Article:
Basic plot: ?
We began this movie and gave up on within the first 20 minutes or so. As far as I could tell, there was no plot line or conflict introduced in that time, just a bunch of immature guys meeting up at the local diner and making raunchy comments (and bets, how charming!) about women.
Basic plot: A New Orleans café serving cereal faces competition when a rip-off restaurant opens across the street. The plot thickens when the manager of the original restaurant has a fight with his girlfriend, which results in her taking a job at the new restaurant.
While not a cinematic masterpiece, this was an entertaining with numerous amusing moments. It had its fair share of quirky characters (with Zooey Deschanel basically re-hashing every other character I’ve seen her play in the past) although oddly enough, hardly any of the characters had a Louisiana accent despite the movie being set there. This movie certainly meets the definition of “feel good” and leaves you pining for a real-life cereal café near your home.
Basic plot: Three young women who work as waitresses in a local pizzeria enjoy the highs and experience the lows of falling in love.
We both fell asleep somewhere mid-way this movie and woke up to keep watching it without feeling like we missed anything (not a good sign in a movie). Julia Roberts, who I generally don’t care for much as an actress, was over the top in her brash “badass” girl characterization. None of the men presented as love interests were particularly appealing; the happy ending felt very much tacked on just to be there; and the pervading 80s-ness of the movie was bound to make it unappealing (although somewhat amusing) for me. Interesting for having a minor appearance by a then-very-young Matt Damon in one scene, and that’s about all…
Coffee and Cigarettes
Basic plot: Groups of two or three celebrities meet over coffee (or sometimes tea) and cigarettes and discuss such odd topics as genealogy, Tesla coils, and Elvis Presley’s supposed twin brother.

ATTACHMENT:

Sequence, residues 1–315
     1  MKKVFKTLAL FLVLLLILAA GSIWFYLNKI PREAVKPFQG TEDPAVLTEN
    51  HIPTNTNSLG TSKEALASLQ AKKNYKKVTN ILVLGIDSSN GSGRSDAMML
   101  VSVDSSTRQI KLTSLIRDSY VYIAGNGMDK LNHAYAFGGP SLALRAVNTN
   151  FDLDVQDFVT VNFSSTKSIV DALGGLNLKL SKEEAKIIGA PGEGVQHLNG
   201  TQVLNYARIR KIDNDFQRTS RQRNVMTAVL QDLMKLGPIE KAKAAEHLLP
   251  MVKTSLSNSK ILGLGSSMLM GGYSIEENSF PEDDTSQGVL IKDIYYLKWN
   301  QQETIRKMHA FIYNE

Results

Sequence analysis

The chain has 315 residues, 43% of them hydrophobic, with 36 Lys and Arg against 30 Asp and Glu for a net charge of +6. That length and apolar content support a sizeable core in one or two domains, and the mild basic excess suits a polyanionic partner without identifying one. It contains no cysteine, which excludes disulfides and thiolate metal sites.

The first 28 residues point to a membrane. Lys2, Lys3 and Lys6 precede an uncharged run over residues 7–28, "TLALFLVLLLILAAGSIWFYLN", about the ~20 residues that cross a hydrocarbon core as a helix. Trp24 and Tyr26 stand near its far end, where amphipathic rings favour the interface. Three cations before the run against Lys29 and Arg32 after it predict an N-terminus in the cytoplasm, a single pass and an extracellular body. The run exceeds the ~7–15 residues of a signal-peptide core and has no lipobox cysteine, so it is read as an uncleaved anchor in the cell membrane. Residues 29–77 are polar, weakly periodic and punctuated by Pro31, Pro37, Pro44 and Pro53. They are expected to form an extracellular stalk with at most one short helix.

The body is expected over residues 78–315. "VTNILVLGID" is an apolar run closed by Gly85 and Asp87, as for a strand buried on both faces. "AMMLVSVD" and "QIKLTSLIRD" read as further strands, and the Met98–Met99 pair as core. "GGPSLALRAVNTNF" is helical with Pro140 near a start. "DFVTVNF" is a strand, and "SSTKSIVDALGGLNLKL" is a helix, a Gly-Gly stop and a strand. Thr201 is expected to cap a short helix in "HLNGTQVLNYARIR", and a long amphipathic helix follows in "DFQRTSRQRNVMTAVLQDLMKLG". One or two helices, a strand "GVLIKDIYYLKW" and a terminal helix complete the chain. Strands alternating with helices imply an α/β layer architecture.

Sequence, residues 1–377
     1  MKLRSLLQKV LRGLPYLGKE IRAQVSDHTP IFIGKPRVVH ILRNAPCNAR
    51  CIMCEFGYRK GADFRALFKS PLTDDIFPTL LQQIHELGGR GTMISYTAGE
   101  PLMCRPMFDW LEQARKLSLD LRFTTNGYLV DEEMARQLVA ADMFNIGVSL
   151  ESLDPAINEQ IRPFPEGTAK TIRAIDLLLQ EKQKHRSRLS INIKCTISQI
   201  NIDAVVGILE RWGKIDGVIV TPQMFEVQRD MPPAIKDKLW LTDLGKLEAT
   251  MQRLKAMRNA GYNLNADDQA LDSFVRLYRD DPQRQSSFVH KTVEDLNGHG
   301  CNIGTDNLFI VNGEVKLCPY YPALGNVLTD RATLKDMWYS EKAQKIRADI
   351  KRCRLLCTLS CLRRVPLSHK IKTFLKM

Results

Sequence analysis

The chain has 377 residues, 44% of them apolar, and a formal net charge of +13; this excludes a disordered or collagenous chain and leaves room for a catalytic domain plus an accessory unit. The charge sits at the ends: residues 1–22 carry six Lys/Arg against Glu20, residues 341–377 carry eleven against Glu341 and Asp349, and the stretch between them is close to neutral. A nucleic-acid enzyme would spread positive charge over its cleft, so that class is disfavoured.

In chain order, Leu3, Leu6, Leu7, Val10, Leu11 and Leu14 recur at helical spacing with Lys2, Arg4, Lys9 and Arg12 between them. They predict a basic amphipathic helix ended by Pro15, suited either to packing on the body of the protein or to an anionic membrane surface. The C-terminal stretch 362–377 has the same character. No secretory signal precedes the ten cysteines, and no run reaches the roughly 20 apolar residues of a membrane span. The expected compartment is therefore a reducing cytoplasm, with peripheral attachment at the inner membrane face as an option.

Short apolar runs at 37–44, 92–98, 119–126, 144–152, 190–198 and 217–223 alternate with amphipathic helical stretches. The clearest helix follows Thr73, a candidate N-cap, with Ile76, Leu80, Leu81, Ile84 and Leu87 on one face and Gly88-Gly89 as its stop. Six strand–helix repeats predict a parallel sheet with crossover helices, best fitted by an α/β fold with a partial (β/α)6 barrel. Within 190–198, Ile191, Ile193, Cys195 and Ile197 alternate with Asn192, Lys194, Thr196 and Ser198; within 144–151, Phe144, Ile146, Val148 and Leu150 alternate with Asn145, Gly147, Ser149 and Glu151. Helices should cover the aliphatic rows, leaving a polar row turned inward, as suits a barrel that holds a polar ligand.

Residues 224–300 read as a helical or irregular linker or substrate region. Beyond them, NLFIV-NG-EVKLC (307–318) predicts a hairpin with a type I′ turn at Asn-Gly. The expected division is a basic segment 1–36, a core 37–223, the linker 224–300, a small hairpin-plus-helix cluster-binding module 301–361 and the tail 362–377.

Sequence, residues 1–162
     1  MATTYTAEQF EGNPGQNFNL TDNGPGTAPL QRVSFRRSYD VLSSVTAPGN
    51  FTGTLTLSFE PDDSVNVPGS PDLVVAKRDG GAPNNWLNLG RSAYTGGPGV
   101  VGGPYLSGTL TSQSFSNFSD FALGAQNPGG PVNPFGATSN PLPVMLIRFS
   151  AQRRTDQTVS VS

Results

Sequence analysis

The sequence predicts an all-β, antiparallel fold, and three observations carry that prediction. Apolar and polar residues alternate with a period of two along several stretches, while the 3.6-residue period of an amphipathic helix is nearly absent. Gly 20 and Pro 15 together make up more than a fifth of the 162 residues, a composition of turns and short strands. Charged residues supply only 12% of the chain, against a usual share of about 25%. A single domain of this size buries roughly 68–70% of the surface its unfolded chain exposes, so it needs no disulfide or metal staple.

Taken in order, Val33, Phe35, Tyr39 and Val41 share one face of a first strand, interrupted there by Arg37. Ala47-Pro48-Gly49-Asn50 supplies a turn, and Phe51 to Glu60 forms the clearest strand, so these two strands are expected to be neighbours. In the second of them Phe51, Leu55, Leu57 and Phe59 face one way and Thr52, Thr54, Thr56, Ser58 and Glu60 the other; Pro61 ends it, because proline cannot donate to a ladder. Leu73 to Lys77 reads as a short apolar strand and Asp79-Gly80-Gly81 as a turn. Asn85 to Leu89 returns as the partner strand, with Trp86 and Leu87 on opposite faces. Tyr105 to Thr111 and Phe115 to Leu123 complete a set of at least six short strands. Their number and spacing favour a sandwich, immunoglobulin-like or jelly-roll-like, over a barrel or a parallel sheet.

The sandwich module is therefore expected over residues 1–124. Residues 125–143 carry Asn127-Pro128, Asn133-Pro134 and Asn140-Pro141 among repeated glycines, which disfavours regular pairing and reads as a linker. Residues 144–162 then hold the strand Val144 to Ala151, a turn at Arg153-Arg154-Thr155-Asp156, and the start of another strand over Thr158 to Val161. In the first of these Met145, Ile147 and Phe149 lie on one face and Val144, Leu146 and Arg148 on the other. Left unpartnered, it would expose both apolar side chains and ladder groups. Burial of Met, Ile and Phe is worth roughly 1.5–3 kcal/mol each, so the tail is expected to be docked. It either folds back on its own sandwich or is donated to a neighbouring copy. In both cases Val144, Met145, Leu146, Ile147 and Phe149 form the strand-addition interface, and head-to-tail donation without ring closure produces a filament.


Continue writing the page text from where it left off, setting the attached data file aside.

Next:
You have to go into this one knowing it’s going to be odd, quirky, and not a standard featured film. The movie is just full of these short vignettes of celebrities having awkward conversations with each other about random things. (Check out the trailer on this one for a feel for it.)
However, knowing exactly what I was going in for, and more often than not preferring the quirky to the predictable standard, I loved it. I found it laugh aloud funny at parts and enjoyed when certain lines would keep coming back (i.e., the frequent admonishment that coffee and cigarettes isn’t a healthy lunch; the suggestion that drinking coffee before bed would cause NASCAR rapid dreams to occur; etc.). Although everyone had interesting bits to play, I particularly enjoyed these sketches: Jack White and Meg White discussing Tesla coils; Roberto Benigni thanking Steven Wright for passing off his dentist appointment on him; Tom Waits reading insults into every conversation piece Iggy Pop tries to start; and Alfred Molina being thrilled to find that Steve Coogan is his distant cousin while Coogan rebuffs any attempt to get to know him better.
Overall, I liked this one a lot, although it’s not for everyone (and one of those ones that’s only tangentially related to food).
Basic plot: Three sisters and their families experience ups and downs in life while coming together for Sunday dinners.
So many good things in this one: all-star cast with excellent acting; great storytelling; adorable child narrator (who sees too much but who also is the linchpin in the family, perhaps as a result); a warm message about the power of family and tradition; and even an enjoyable soundtrack.